09.03.2021 | Thomas Kessler

2-factor Authentication of Healthcare Professionals


Two-factor authentication of users should become a matter of course when accessing cloud services in the healthcare sector. For this to succeed, hospitals and care homes need an electronic equivalent to an ID card.

Passwords are the Achilles heel of IT security

When logging in with a user name and password, users prove their identity by revealing a secret, namely their personal password. It is well known that a shared secret is no longer a secret. This fundamental weakness of passwords repeatedly leads to successful attacks on our IT systems and is one of the reasons why identity theft is one of the top ten IT security risks.

It has long been known that such attacks can be countered with so-called 2-factor authentication (hereafter abbreviated to “2FA”), as is commonly used in e-banking, for example. We use the term 2FA to describe procedures that combine a “having” factor with a “knowing” or “being” factor. The “having” factor is always required, which can be hardware (a smartcard, SIM card or other token) or software (for example, an authenticator app). The “knowing” factor is usually a password that is managed and checked centrally on a server or decentrally on a personal device; the latter is also known as a PIN. Finally, the “being” factor is an individual physical feature such as a fingerprint or facial image.

Where is 2-factor authentication appropriate?

The risk of identity theft is assessed by multiplying the probability of occurrence of a loss event by its scope. The scope is naturally high in the healthcare sector, as in many cases it involves access to particularly sensitive personal data.

The probability of occurrence is particularly high if an IT system is exposed on the Internet and is therefore accessible to the whole world. This applies to most remote access solutions, for example, which is why two-factor authentication is highly recommended for this use case. However, it also applies to many cloud applications such as the electronic patient dossier (EPD), where 2FA is therefore required by law for good reason.

The situation is less clear when using IT systems within an organization. Because it is becoming increasingly difficult to isolate internal IT systems from the Internet, 2-factor authentication should also be sought in the medium term when logging in to the workplace and internal applications. However, the operational requirements (keyword “station PC”) can make such a solution very demanding and time-consuming.

How can 2-factor authentication be achieved?

The introduction of 2FA individually for each IT system should be avoided at all costs so that users are not flooded with a flood of additional “login factors”: An overarching infrastructure is needed! There are two strategic approaches for this:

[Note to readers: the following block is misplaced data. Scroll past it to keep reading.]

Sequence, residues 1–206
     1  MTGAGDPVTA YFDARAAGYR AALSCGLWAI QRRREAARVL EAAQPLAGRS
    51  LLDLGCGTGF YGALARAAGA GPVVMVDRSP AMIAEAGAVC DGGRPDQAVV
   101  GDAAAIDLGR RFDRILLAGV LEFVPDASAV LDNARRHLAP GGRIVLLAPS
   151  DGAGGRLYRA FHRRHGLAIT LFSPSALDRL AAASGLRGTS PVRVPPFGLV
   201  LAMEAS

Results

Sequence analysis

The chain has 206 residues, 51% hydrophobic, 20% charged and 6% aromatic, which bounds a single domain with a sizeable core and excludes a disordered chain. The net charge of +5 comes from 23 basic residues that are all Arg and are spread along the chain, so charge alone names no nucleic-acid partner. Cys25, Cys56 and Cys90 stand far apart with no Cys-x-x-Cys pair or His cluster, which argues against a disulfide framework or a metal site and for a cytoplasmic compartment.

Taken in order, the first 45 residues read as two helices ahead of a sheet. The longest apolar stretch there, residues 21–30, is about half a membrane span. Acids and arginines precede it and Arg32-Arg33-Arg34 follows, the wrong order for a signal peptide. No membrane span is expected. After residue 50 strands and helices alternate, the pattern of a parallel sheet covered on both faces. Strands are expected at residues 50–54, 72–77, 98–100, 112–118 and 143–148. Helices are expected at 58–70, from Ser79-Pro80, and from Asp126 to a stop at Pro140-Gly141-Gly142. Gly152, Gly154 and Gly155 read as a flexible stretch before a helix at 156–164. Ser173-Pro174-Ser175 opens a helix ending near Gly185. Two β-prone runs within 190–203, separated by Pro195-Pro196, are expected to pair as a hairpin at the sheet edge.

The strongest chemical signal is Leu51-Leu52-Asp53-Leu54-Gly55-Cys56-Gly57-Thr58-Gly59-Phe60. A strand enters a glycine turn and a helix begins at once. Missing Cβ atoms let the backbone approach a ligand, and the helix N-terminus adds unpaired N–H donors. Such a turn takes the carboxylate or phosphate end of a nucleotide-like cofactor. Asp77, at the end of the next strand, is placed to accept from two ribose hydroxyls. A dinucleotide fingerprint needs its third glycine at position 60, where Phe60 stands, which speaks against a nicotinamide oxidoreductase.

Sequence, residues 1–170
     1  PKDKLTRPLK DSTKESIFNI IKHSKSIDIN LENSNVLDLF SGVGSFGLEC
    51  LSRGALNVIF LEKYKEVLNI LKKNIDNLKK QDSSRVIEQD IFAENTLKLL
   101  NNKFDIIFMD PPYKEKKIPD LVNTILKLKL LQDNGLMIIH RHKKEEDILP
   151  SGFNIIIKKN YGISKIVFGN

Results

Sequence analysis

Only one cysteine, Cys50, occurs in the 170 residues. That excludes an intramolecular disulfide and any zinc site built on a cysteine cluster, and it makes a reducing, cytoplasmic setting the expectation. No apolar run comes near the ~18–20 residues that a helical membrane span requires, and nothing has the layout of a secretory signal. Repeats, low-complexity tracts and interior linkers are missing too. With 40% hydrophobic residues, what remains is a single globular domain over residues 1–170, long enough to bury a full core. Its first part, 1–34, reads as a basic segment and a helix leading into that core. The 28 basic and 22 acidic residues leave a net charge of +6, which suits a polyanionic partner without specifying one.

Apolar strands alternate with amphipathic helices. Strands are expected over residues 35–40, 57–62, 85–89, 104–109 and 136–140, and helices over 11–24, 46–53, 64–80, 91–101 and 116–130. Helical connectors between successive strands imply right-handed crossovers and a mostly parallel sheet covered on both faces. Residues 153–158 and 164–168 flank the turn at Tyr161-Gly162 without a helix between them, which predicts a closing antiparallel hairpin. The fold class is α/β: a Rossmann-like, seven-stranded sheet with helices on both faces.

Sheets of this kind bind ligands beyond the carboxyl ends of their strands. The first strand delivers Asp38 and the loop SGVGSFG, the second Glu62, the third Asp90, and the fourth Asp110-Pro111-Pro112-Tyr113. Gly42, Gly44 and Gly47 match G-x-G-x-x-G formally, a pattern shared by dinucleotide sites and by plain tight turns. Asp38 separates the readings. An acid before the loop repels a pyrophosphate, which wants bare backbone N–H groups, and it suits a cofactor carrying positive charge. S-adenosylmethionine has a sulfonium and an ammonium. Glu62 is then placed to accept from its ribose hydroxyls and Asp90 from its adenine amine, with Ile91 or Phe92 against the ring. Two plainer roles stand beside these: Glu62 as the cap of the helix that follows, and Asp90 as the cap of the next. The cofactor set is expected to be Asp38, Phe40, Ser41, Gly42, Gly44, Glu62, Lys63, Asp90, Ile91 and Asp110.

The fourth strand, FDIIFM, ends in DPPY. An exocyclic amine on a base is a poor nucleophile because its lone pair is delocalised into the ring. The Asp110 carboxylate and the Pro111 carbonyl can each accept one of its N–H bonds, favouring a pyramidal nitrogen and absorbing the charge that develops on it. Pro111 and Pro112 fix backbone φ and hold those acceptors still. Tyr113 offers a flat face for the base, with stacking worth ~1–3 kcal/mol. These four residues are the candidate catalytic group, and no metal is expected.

• In the “2FA on the end device” variant, 2-factor authentication is already carried out when logging in at the workplace, typically using a smartcard and PIN. The user’s identity authenticated with two factors is then passed on to all connected IT systems via infrastructure components such as the Active Directory (single sign-on).
    2FA on the end device
  • With the “2FA at IdP” variant, the user first logs in to the workplace with their password or a biometric feature. The second factor, often the possession of an authenticator app, is checked at a later stage at a so-called identity provider (IdP).
    2FA at IdP

The operational implementation of the second variant is usually much simpler. However, it also offers a lower security benefit because only modern IT systems can be connected to an IdP.

The thing with the digital ID card

For the efficient implementation of 2-factor authentication, hospitals and care homes need the digital equivalent of an ID card: a digital ID card that is used for 2FA. This is issued by an internal specialist department (e.g. HR) and contains information such as the personnel number or organizational affiliation that is typically required when using IT systems in a professional context.

The digital ID card is based on the same technology as the digital ID card for private individuals, which is currently the subject of lively debate in connection with the E-ID Act. However, the significant differences between an ID card and a passport in terms of responsibilities, administrative processes and use cases also exist in the digital world and must be taken into account in a 2FA implementation project.

Note: This article was also published in the magazine Arzt Spital Pflege | 1/2021.

Strong Authentication

About the author
Thomas Kessler
About the author
Thomas Kessler, Partner, Managing Security Consultant